This is a terrific article on the Devils Lake Revival and the history that it is trying to recreate. Visit our photo gallery on the Devils Lake Revival for photos of the event.
Devils Lake seizes on its history
By Niki Price • Oregon Coast TODAY
One might be surprised to see the word “devil” and “revival” on the same poster. The fellow with the horns and the tail isn’t usually invited to the old-time church meetings beneath the big tent. But these posters are referring a different kind of devil: the monsters that, according to Native American legend, once lived in Lincoln City’s freshwater lake. The Devils Lake Revival, then, is the resurrection of the annual summer party that was once held on its shores.
That community celebration, a day full of aquatic fun for the whole family, will be held this Saturday, Aug. 27, at Regatta Grounds Park. From 10 a.m. to 2 p.m., lake lovers can ride sailboats, take pontoon boat tours, learn to kayak and stand-up paddleboard, and listen to music by the Schooner Creek String Band. Those who add their addresses to the Devils Lake Water Improvement District’s e-mail list will be eligible for a raft of prizes including hotel stays, restaurant meals and even your very own, fully-equipped kayak. A dozen local agencies will be staffing booths, offering information on conservation activities throughout the region.
All the activities at the Devils Lake Revival will be free, except for the food. The Business for Excellence in Youth committee will be there, selling snacks and lunches to benefit the Backpack Program. Prize sponsors include the ‘D’ Sands Condominium Motel, the Historic Anchor Inn and Mo’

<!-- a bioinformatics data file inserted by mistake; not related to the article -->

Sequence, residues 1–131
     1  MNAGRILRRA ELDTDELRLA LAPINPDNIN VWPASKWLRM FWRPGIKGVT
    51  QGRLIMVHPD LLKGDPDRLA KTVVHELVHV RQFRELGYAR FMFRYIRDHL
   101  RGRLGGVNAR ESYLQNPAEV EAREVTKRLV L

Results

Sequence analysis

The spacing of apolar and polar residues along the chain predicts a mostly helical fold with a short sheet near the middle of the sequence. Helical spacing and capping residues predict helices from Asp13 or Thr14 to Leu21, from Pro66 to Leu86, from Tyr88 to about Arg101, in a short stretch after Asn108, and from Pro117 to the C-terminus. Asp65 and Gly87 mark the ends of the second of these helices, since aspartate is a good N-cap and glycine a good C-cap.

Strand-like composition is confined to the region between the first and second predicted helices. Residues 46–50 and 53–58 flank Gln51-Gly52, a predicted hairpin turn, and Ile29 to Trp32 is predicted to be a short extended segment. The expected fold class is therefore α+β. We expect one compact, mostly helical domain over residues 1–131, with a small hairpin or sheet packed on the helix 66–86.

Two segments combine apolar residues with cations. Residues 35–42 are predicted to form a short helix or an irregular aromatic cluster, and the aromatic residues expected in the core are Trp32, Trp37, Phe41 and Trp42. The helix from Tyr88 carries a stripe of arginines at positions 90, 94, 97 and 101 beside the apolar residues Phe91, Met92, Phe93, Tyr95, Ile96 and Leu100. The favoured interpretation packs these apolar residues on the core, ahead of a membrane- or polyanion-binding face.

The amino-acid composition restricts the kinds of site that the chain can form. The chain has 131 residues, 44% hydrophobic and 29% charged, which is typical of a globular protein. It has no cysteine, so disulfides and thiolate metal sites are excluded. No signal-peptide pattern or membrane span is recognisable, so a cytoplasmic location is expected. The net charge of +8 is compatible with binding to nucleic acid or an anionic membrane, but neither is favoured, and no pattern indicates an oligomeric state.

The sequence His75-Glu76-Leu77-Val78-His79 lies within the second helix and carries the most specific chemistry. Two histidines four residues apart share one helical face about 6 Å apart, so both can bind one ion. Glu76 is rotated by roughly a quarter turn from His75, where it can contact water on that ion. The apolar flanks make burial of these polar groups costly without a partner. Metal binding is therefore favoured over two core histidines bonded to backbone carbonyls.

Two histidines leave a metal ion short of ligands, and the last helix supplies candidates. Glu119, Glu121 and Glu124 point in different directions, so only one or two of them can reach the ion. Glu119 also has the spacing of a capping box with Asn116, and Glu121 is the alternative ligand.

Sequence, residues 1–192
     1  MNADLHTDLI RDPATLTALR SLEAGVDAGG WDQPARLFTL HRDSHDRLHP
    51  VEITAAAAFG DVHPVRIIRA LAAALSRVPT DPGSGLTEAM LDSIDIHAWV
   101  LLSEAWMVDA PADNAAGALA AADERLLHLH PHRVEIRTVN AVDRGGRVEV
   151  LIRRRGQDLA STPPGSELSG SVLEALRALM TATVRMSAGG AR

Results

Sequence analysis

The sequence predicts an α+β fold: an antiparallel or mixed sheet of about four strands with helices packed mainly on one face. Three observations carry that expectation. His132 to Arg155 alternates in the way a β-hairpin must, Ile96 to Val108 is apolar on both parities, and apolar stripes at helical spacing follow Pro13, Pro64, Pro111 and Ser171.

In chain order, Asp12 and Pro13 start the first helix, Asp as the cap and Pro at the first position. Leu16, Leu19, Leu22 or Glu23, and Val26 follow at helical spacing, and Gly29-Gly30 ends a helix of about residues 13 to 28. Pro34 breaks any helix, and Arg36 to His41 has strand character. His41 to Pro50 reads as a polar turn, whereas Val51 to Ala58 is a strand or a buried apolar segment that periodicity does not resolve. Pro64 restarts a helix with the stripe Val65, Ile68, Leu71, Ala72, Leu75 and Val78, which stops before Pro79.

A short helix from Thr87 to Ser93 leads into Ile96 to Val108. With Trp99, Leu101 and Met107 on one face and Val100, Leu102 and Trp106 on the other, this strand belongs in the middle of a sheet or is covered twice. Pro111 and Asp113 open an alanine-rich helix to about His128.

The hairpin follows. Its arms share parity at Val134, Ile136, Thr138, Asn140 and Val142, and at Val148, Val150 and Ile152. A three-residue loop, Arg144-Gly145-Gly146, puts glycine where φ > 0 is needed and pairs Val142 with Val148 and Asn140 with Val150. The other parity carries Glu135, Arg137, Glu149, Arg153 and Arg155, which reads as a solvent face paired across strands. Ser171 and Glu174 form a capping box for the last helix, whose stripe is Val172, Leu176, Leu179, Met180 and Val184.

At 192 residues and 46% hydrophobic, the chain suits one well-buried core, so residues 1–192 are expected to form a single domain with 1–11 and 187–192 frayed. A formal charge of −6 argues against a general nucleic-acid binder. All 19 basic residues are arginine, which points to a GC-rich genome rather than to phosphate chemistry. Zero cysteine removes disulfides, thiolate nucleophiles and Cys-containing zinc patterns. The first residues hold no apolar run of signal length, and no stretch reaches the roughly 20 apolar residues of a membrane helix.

“The Devils Lake Revival is about re-connecting people to this great resource, and getting them in tune with what’s going on here,” said DLWID project manager Seth Lenaerts, who is heading up the new festival. “And if people can also learn a bit about the watershed, and how the things they do on a daily basis can impact the health of the lake, that’s great, too.”
This event is not just a revival of sentiment and support for the 680-acre Devils Lake, which drains into the Pacific via the famously short D River. In a way, it’s an update of one of the most curious celebrations ever to grace the Lincoln City social calendar: the Grass Carp Festival, which was an annual event from 1987 to 1992. As many locals will remember, it featured canoe races, waterskiing troupes and plenty of tongue-in-cheek celebration of an unlikely hero: the sterile Chinese grass carp.
In the early 1980s, before the introduction of the carp, the lake was clogged with silt and vegetation. Concerned citizens formed the Preservation Association of Devils Lake, which led to the establishment of the Devils Lake Water Improvement District, in 1984. The following year, DLWID qualified for an EPA Clean Lakes Phase II Restoration Grant for the introduction of biological control, through the introduction of Chinese grass carp (also known as white amur).
The first batch, 10,000 fish that had been raised at a farm in Arkansas, were released into Devils Lake in 1986. A few members of the Lincoln City community — led by Paulette Isham-Wolf, Dawn Bredimus and Joe Della Valle — thought that was a reason to celebrate.
“It was all about the restoration of Devils Lake, by virtue of the Chinese grass carp. They thought, ‘Why not have the world’s first and probably only Grass Carp Festival?’” said current DLWID executive director Paul Robertson. “It was kooky and fun, and a little bit weird. But they were really trying to spotlight Devils Lake as an economic and community resource.”